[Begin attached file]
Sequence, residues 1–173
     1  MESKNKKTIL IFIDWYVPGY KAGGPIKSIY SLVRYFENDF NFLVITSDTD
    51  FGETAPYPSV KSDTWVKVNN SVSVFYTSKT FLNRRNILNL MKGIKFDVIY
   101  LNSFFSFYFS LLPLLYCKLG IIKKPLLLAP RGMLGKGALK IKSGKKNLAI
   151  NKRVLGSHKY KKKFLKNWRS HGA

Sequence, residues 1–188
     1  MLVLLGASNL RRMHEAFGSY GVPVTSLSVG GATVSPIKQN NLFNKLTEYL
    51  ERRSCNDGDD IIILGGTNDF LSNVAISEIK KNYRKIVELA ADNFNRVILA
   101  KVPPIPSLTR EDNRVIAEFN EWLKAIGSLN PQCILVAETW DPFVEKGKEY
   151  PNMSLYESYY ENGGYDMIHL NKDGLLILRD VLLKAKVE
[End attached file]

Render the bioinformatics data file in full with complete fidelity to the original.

Sequence, residues 1–173
     1  MESKNKKTIL IFIDWYVPGY KAGGPIKSIY SLVRYFENDF NFLVITSDTD
    51  FGETAPYPSV KSDTWVKVNN SVSVFYTSKT FLNRRNILNL MKGIKFDVIY
   101  LNSFFSFYFS LLPLLYCKLG IIKKPLLLAP RGMLGKGALK IKSGKKNLAI
   151  NKRVLGSHKY KKKFLKNWRS HGA

Sequence, residues 1–188
     1  MLVLLGASNL RRMHEAFGSY GVPVTSLSVG GATVSPIKQN NLFNKLTEYL
    51  ERRSCNDGDD IIILGGTNDF LSNVAISEIK KNYRKIVELA ADNFNRVILA
   101  KVPPIPSLTR EDNRVIAEFN EWLKAIGSLN PQCILVAETW DPFVEKGKEY
   151  PNMSLYESYY ENGGYDMIHL NKDGLLILRD VLLKAKVE